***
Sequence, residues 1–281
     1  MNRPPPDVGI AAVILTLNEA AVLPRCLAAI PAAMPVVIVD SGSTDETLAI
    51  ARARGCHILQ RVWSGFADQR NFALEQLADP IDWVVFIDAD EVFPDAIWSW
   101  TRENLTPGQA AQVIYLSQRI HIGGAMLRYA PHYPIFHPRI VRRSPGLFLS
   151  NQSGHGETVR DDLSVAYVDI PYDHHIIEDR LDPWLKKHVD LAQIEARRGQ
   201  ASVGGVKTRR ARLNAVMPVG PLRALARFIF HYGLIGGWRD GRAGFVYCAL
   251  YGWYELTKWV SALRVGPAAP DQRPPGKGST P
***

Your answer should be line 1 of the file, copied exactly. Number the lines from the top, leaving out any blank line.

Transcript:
Sequence, residues 1–281